Litter hot spots around Fife’s coast have been revealed in a map built using aerial photography.
Plastic, pipes and other rubbish were snapped in isolated locations at Tayport, Newport, Leuchars, Crail, Buckhaven and East Wemyss.
Tarpaulin and plastics bags were also pictured at Tayport, where the project involving the Marine Conservation Society found significant and widespread accumulations of waste.
Significant build-ups of rubbish were also recorded in 14 more localised areas around the other towns and villages.
It is hoped teams on the ground will use the data to target the hot spots, which may otherwise have remained undetected, in beach clean-ups and litter survey work.
SCRAPbook – Scottish Coastal Rubbish Aerial Photography – saw pilots from the Sky Watch Civil Air Patrol photograph parts of Scotland’s coastline where they spotted litter or pollution.
The scale of the problem was worse than those behind the project expected.
Archie Liggat, Sky Watch chairman, said: “In the worst areas it is absolutely at industrial levels, with plastic blasted up the hills from the coast where it’s been blown.
“There are hundreds and hundreds of large plastic barrels and crates all over the place, and when there is any large plastic litter visible at all there’s usually a significant amount of smaller stuff too.”
Catherine Gemmell, Marine Conservation Society Scotland conservation officer, coordinates the mobilisation of thousands of volunteers around the Scottish coastline to clean up beaches but until now many bays have never been touched.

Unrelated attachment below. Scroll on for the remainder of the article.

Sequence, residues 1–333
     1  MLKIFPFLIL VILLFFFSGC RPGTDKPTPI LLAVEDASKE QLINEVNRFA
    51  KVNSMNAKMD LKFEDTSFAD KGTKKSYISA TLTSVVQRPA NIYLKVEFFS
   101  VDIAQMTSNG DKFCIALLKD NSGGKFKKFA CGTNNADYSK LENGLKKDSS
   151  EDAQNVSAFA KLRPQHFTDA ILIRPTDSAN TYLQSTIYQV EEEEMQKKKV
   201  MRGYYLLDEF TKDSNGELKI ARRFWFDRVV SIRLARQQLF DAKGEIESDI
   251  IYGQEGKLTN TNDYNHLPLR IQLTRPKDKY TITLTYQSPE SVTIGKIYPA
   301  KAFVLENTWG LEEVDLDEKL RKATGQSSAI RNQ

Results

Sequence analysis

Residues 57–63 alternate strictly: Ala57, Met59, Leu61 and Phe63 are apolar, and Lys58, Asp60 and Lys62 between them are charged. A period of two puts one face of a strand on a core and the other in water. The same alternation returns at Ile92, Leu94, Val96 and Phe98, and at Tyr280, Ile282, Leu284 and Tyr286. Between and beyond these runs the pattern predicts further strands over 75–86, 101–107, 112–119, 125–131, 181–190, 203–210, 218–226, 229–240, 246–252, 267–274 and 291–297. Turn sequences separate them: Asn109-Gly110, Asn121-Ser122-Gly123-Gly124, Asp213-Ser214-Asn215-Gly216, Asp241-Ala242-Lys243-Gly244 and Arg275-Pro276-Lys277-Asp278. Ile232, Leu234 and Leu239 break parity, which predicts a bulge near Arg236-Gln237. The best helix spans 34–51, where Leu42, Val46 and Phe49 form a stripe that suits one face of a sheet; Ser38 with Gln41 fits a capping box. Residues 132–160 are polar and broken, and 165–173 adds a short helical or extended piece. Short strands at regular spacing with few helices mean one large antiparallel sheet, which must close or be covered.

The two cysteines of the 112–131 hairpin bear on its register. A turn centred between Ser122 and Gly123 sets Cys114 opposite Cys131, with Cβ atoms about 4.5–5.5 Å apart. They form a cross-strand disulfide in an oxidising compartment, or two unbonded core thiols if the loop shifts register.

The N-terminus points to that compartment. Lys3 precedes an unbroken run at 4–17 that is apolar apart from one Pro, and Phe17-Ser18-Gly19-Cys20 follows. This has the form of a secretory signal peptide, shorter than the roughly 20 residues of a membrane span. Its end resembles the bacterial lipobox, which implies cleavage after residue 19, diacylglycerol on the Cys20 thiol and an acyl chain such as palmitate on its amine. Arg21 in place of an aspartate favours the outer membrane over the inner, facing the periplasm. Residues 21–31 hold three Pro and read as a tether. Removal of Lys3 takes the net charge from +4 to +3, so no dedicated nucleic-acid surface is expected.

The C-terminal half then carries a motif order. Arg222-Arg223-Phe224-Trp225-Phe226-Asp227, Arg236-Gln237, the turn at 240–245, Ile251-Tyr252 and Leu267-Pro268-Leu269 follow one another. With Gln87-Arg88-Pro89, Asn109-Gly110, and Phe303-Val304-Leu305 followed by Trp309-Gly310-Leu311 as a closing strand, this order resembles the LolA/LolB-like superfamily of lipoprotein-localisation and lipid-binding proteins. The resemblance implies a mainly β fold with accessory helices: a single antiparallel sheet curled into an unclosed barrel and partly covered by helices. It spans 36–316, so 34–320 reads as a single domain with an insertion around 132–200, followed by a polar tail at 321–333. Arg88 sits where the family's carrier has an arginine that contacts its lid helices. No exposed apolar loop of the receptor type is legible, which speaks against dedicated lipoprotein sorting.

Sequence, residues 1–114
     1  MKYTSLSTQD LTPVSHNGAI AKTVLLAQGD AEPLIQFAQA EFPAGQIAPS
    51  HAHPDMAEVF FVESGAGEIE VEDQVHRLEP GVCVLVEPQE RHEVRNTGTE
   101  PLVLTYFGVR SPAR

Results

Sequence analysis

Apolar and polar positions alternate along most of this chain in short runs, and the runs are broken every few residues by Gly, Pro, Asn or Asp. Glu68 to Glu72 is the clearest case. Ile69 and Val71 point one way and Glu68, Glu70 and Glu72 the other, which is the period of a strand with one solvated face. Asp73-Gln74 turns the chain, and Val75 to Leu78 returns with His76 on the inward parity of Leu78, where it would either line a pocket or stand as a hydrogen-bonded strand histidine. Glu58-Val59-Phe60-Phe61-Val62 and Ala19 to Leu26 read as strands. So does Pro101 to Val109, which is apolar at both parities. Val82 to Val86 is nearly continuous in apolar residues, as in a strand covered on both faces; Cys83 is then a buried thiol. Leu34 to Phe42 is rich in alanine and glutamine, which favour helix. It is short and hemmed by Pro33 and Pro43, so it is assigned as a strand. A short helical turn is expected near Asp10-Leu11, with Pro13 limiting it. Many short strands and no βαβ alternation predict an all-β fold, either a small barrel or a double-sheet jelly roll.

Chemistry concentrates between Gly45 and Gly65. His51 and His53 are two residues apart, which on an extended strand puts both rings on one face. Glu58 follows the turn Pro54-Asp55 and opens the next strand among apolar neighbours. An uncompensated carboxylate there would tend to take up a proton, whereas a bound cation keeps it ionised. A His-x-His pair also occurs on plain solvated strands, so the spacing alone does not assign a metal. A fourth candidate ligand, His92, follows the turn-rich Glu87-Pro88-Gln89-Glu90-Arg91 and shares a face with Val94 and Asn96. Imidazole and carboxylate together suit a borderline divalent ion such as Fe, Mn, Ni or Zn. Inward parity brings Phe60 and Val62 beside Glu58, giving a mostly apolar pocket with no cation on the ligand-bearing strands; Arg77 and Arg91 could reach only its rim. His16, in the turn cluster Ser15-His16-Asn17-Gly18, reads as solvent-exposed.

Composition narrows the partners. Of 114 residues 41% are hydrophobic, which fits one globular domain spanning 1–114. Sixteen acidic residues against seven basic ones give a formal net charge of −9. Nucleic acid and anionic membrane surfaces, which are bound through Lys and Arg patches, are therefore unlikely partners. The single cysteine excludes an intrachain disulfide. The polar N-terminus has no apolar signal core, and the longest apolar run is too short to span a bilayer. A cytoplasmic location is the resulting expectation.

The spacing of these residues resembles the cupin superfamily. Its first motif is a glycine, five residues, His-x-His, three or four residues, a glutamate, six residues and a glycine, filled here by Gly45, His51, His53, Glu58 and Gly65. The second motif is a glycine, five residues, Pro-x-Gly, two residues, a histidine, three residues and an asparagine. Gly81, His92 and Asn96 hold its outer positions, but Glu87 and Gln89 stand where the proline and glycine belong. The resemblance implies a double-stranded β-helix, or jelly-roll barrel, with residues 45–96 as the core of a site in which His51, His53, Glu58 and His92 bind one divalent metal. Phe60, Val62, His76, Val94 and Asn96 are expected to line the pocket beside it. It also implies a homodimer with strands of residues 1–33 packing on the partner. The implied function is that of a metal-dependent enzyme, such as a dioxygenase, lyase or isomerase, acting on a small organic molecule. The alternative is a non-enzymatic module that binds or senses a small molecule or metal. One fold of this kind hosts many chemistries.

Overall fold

She said: “With nearly 10,000 kilometres making up Scotland’s mainland coast we know there are many stretches of beach that have had no recorded clean up.
“SCRAPbook will help address that and provide us with new information that will be crucial to highlight to government and industry what steps we need to be taken next in the fight against marine litter.”
Litter hot spots were classified on a scale of one to five, with five the worst. Most in Fife were classified at two, but the one at Tayport was level three.
The map is available online and people can click on locations to see what sort of waste was recorded.
Vicky Junik, of the Moray Firth Partnership which started the SCRAPbook idea, said: “We hope that SCRAPbook will become an invaluable tool to everyone tackling the rising tide of marine litter.
“The easier it is to find out where the litter is, the easier it is to mobilise clean-up efforts, and we’ve tried to focus on the less popular or harder to reach parts of the coastline, so we can build a really comprehensive picture of the reality and scale of the challenge; a challenge everyone can help tackle.”
Mairi Gougeon, Minister for Rural Affairs and the Natural Environment, said: “Litter washed up on our coastline is a scourge that harms our natural environment, both in the sea and on land. That is why I welcome this exciting project that enables the extent of litter around our coastline to be proactively mapped.”